Claire Sardina, better known as "Thunder" will be sitting in with them at the Clairon Hotel Saturday night. That's "Thunder", as in "Thunder and Lightning," the local Neil Diamond tribute band, who tragically lost "Lightning" (Sardina's husband, Michael) to complications from a freak head injury last summer. I will be there, with both silver gelatin celluloid and digital, to capture this in all its glory. I might have to go see the Bugs at Club Lulu afterwards to come down from this. I have no idea if/how Myles is going to recover.

  • Sunday: Local psychedelia curmudgeon Lars Kvam is doing his "Last record spin at the Circle A." He's one in a long line of people promoting their next show at the Circle A as their "Last Show at the Circle A" since the place will be closing down. Any time you spend more than 10 minutes with Lars Kvam, its surreal. I mean that in a most complementary way.

Bucks: searching for a bright side to all this cold

Tuesday night Stella and I went to see the Bucks get killed by Dallas. Well, I went into it with no hopes. Stella said, "I hope the Bucks win tonight," and I replied, "Don't count on it, sweetie. They're playing the best team in the league, and they've still got a lot of their good players out on injuries, and .... well.... let's just have some fun. Want some dipping dots?"

So imagine both our surprise when they spent the entire whole first half ahead. The Mavericks were cold, and the Bucks were hot. By halftime, they're leading by 15 -- a comfortable lead. But being the Cubs fan I am, I had this forboding dread that something was going to go wrong. This was too good to be true: they're on a ferocious losing streak and they're going to beat the team with the NBA's best record? Even the anthem sounded good tonight, too good to be true from the Oshkosh West Boys' Choir. They sang it straight up, and the Bucks played straight up.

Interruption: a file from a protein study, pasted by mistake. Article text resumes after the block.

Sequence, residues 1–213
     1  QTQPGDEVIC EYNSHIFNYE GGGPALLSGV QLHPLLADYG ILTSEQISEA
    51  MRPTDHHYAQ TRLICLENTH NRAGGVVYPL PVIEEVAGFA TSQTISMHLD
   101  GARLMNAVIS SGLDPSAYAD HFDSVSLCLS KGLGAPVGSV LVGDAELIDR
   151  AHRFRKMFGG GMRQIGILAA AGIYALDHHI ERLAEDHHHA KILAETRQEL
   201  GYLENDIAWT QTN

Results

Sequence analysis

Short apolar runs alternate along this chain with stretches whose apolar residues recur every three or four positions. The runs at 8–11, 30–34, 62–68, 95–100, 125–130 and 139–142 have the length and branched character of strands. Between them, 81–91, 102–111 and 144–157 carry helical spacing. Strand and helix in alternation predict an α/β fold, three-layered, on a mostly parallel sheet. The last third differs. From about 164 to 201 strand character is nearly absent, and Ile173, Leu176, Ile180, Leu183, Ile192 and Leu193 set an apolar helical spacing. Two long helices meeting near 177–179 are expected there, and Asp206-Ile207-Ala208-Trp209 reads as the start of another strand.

Then they go into the second half and things are still looking good. And then, as if by coincedince, Charlie Villenueve blows his ankle, and for the rest of the game they just go cold. Colder than those Dippin' Dots Stella and I enjoyed. Colder than my heart every time I have to hear "Ring My Bell" whenever Charlie Bell hits a shot. Cold. For five full minutes they don't score -- I can hear Beavie going "We're never gonna score!" -- and they don't. They end up losing. I don't know why I'm disappointed. I walked into the Bradley Center for a mommy and daughter date fulling expecting them to get killed. But then they had to dangle this possible win in my face. In fact, they were running at a Free-Quarter-Pounder-With-Cheese rate. Not that I had a craving for a Royale With Cheese, but it was still a milestone they never hit. Still, wouldn't it have been nice, for this team beseiged by injury and a recent tough run, for them to beat the best team in the league?